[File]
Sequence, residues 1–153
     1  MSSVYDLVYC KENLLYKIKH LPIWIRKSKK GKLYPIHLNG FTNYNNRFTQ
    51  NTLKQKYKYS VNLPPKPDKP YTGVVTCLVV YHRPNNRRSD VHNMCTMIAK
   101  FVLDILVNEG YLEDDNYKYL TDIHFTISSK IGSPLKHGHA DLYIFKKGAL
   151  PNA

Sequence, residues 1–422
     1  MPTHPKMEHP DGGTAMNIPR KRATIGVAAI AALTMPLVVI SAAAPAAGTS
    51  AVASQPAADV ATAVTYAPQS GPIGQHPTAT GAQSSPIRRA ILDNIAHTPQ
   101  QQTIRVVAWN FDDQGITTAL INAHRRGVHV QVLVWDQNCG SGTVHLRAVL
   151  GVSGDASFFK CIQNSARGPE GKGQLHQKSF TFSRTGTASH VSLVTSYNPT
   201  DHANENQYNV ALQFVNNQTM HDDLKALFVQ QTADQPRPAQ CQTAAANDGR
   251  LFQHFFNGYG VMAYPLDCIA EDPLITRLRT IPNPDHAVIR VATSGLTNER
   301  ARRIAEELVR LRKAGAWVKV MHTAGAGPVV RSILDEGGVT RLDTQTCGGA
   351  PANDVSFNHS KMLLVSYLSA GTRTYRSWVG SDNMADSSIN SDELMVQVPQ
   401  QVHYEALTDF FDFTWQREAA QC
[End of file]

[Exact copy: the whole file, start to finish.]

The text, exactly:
Sequence, residues 1–153
     1  MSSVYDLVYC KENLLYKIKH LPIWIRKSKK GKLYPIHLNG FTNYNNRFTQ
    51  NTLKQKYKYS VNLPPKPDKP YTGVVTCLVV YHRPNNRRSD VHNMCTMIAK
   101  FVLDILVNEG YLEDDNYKYL TDIHFTISSK IGSPLKHGHA DLYIFKKGAL
   151  PNA

Sequence, residues 1–422
     1  MPTHPKMEHP DGGTAMNIPR KRATIGVAAI AALTMPLVVI SAAAPAAGTS
    51  AVASQPAADV ATAVTYAPQS GPIGQHPTAT GAQSSPIRRA ILDNIAHTPQ
   101  QQTIRVVAWN FDDQGITTAL INAHRRGVHV QVLVWDQNCG SGTVHLRAVL
   151  GVSGDASFFK CIQNSARGPE GKGQLHQKSF TFSRTGTASH VSLVTSYNPT
   201  DHANENQYNV ALQFVNNQTM HDDLKALFVQ QTADQPRPAQ CQTAAANDGR
   251  LFQHFFNGYG VMAYPLDCIA EDPLITRLRT IPNPDHAVIR VATSGLTNER
   301  ARRIAEELVR LRKAGAWVKV MHTAGAGPVV RSILDEGGVT RLDTQTCGGA
   351  PANDVSFNHS KMLLVSYLSA GTRTYRSWVG SDNMADSSIN SDELMVQVPQ
   401  QVHYEALTDF FDFTWQREAA QC